Today I broke a few of my own rules and took myself on a date for brekky and buying some clothes for winter. I now have a few dress, a long sleeve red t-shirt and an oversized cardigan thingy. I also started reading a new BSC book which I have been trying to track down for ages. Yay, go me.
I have to say the last few weeks I have been a slight hermit. I haven't been out a lot, other than work and Guides, and I haven't wanted to go out. I've bailed on a few social opportunities which I would usually be like 'yes please' to. I feel almost frustrated at the idea that staying home is boring and anti-social, but when you're trying to save money and you have a perfectly well stocked kitchen, why go out for meals if you don't have to? Last year I was very much the opposite, so it's kind of nice for me to just have some time to make things and do a whole heap of resting (and some nesting!).
Being 'the pregnant' (as Stephen calls it) as turned me into a huffy puffy person and disappointingly other than having abnormally size bazookas, I look just like I always do with a bit more of a round tummy. Other than someone weirdly giving my belly a pat a few months ago when I didn't even look pregnant, I have only had one person ask if I was pregnant and it was a girl who is at OSHC every day. A lot of my friends aren't parents but have given me a lot of advice about what happens with their nephews/nieces which is confusing to say the least.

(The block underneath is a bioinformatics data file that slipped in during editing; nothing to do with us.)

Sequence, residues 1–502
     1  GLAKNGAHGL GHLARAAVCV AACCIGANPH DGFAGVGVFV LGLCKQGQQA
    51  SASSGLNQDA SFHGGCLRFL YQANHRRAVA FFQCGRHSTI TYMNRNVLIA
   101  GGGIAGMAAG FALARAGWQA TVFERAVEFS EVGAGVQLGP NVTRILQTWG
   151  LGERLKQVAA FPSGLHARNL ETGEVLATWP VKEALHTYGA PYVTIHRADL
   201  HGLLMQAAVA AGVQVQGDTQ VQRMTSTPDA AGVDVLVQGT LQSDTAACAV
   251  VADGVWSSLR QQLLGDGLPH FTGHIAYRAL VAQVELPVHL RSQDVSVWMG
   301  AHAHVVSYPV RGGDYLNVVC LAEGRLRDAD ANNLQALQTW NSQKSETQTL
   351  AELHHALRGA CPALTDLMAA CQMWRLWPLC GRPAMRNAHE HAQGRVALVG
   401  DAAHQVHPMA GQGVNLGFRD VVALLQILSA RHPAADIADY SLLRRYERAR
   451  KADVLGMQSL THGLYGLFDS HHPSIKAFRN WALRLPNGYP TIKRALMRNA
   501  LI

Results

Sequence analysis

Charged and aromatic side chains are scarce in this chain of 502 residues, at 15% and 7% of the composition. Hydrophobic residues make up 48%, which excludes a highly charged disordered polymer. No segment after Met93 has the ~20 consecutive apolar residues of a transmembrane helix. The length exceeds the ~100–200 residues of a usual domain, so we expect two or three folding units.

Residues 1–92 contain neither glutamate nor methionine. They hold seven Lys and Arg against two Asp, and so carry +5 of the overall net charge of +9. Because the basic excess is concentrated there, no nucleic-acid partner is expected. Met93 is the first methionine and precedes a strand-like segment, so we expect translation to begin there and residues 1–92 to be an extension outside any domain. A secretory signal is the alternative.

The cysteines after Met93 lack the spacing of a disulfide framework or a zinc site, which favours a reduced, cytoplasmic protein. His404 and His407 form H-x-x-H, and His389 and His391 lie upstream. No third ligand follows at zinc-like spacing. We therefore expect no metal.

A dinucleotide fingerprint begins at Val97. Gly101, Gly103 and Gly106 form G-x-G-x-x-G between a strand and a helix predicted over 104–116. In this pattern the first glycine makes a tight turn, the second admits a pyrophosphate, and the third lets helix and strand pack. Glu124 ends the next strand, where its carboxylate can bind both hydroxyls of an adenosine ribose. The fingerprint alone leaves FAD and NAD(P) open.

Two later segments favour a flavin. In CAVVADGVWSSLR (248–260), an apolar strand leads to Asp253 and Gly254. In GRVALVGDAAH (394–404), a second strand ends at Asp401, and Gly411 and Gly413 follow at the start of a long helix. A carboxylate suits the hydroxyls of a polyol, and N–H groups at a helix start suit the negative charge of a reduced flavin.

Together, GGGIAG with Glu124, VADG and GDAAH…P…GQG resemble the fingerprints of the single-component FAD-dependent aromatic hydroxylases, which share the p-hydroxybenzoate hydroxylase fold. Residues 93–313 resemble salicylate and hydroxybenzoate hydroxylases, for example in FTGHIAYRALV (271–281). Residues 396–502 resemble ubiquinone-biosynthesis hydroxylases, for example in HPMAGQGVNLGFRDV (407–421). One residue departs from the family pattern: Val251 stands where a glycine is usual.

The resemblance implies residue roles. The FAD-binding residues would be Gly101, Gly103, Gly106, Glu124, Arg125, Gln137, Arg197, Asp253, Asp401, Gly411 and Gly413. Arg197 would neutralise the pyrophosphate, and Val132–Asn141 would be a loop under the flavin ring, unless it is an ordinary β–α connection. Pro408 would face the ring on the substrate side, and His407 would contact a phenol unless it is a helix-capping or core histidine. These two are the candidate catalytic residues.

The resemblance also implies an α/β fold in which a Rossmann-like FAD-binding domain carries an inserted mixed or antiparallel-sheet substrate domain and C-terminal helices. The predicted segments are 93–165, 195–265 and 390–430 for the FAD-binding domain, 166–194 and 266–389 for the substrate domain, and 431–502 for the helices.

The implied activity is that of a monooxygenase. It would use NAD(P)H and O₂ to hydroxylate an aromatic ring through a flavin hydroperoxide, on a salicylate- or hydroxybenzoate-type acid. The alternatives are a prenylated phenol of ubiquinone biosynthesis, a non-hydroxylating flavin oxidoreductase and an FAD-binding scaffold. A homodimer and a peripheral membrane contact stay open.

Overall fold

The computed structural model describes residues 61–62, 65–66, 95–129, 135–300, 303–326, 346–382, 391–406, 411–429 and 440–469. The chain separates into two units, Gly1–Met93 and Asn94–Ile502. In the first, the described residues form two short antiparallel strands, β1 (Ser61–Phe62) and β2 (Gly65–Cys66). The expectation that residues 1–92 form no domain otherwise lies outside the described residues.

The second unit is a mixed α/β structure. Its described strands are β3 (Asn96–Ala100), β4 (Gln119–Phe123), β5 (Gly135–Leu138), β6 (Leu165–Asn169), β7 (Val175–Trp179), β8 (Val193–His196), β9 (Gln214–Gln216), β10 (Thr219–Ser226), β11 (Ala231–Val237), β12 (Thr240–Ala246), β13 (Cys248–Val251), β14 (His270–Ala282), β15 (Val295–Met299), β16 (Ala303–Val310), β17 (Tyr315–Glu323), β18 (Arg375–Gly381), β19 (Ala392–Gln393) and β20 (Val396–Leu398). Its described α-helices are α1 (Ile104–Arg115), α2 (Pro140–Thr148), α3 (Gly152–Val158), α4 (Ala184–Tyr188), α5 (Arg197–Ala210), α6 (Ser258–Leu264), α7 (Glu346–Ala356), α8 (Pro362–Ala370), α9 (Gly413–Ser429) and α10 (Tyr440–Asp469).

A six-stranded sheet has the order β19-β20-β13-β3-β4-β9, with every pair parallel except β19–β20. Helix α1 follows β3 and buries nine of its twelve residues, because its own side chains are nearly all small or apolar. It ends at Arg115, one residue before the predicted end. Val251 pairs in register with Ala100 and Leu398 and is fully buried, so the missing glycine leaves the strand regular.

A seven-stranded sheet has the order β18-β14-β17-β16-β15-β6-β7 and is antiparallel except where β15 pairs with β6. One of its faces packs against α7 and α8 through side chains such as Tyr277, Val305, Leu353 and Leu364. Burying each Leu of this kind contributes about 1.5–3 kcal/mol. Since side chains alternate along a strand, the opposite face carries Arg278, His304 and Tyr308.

On Friday I was having terrible stomach pain so I went to visit my good friends at Flinders who decided I might have something wrong with my gall bladder. Oh, yay. I am also highly relieved there is nothing wrong with the bubba (or Pumpernickel) and I got to see him/her on the ultrasound screen for a very short time. This was super exciting! Our anomaly screening is at the end of April and we plan to find out if we are having a boy or girl, but also don't plan on telling anyone, because, more fun. I enjoyed walking around shopping today but finally had a good reason to use the 'boyfriend seat' outside shops, because I may have over exerted myself just a little. Shopping does that to people.